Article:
Thursday, February 15, 2018

Frontierland Scans

It's time for more scans, courtesy of a Mysterious Benefactor, and featuring Frontierland, circa 1964. The donated batch has a LOT of photos of the Columbia, so we're all gonna get nice and friendly, see? Nice and friendly.

Hey, who's that up in the rigging? It might be a crew member, or it might just be a guest in funny clothing. Wear a striped shirt and you can get away with anything on the Columbia. Did the CMs who  did the climbing get some sort of hazard pay? One slip and... ker-splat.

There's the brave pilot; without his skill, we would never make it around the Rivers of America safe and sound. The important thing to remember is: NEVER TURN LEFT.

You want to see something funny? Let's make those folks on shore scatter like bowling pins! We'll load that cannon up with lima beans. They sting, but don't maim. We're not monsters, after all.

I've seen some ferocious rapids in my life, but nothing as terrifying as the ones that we've just survived. We lost Bob, and Skinny Joe, but that's the price of exploration. I think that one lady near me might have scurvy.


Nanook said...


Those first three images are just beautiful - especially from such close-up views. And as for those rapids... I'm getting the willies just looking at the image. Very scary-!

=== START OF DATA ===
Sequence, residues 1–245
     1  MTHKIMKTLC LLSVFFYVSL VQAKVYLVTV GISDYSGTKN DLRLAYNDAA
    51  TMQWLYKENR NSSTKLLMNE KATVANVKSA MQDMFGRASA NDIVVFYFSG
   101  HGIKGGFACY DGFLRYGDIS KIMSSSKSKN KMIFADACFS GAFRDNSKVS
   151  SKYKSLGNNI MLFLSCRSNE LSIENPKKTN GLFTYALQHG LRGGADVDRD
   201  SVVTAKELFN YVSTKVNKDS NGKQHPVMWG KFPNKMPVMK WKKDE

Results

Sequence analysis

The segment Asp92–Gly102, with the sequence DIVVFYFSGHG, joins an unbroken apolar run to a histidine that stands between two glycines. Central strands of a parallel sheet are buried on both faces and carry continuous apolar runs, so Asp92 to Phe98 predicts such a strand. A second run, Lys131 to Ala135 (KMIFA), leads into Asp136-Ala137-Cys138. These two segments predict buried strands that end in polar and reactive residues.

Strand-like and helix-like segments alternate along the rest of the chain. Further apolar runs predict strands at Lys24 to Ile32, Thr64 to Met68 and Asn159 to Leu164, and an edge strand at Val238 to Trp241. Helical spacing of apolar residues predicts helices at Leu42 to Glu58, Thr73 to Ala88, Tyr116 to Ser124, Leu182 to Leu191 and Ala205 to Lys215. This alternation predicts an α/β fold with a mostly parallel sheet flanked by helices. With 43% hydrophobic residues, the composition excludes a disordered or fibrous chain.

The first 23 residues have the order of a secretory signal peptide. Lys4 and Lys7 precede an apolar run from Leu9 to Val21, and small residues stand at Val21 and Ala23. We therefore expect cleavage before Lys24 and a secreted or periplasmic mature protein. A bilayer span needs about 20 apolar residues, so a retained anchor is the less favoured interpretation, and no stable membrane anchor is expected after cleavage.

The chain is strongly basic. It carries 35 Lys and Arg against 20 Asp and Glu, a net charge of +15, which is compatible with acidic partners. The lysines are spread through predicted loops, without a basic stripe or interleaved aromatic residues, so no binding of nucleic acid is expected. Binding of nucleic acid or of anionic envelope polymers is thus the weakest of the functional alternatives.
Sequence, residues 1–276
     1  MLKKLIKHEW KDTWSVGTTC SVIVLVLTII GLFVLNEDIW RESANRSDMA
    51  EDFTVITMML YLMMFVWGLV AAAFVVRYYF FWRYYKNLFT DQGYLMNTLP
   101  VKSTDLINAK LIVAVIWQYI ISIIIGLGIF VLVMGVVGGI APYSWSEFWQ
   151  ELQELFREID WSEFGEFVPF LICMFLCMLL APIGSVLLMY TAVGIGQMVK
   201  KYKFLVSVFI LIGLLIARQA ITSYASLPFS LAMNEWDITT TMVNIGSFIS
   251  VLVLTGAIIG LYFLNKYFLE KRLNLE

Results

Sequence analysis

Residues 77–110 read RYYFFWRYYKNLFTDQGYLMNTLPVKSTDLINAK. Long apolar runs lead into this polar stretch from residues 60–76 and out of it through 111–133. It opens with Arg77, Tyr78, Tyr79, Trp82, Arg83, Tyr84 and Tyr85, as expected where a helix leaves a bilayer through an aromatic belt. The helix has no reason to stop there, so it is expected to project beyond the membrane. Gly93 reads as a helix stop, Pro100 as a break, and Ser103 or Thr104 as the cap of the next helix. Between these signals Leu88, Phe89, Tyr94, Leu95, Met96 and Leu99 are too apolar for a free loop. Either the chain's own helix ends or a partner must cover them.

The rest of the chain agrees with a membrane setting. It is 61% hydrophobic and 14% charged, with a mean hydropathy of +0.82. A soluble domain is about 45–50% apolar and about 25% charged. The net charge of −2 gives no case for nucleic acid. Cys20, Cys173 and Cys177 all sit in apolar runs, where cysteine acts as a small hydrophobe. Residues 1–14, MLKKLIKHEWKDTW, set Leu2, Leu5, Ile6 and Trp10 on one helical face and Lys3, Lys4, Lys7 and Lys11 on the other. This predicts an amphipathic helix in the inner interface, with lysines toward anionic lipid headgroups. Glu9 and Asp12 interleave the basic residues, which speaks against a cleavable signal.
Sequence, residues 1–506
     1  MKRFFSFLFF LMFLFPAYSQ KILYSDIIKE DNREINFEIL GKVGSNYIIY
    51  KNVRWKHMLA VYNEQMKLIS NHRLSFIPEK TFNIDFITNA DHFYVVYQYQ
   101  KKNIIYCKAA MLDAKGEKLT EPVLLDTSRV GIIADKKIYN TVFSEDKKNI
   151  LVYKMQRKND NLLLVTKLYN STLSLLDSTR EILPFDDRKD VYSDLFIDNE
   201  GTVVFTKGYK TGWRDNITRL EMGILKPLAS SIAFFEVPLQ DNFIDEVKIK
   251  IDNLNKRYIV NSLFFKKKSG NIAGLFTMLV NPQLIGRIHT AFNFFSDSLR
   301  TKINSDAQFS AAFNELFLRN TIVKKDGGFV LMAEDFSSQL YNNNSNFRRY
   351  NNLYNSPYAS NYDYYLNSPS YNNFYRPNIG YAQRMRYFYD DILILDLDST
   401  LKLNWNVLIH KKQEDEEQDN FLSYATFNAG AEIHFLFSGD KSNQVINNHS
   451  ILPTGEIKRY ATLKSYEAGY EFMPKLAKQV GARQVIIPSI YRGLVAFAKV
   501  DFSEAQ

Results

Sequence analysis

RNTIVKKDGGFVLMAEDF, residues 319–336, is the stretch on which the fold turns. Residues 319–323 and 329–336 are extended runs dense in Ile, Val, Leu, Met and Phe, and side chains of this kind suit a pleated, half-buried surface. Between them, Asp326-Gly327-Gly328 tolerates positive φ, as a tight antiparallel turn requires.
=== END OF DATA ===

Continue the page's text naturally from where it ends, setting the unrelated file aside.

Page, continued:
Please thank M. B. for these gems. And thank you too, Major.

TokyoMagic! said...

I don't believe there was any danger in the stunts performed high up over the deck of the Columbia. I think they were, uh.....rigged! Rim shot, please.

Major, you didn't mention Chief Wavy in that last pic. I bet he got his kicks watching some of the watercraft wipe-out on the rapids. Maybe he'd even laugh his head off, occasionally. I hear Ursula did that just last week, over at DCA.

Alonzo P Hawk said...

Those rapids are bone chilling. I think that they used them for that John Wayne movie where he and Katherine Hepburn had a load of nitroglycerin on a rickety raft or maybe the leg busting scenes from Deliverance I'm not sure.

Nice photos. That is the cleanest swabby I've seen! Get me the name of his dry cleaner.

Patrick Devlin said...

Cool shots inasmuch as they're close-ups of things rarely shot that close up. There: I'm being nice and friendly...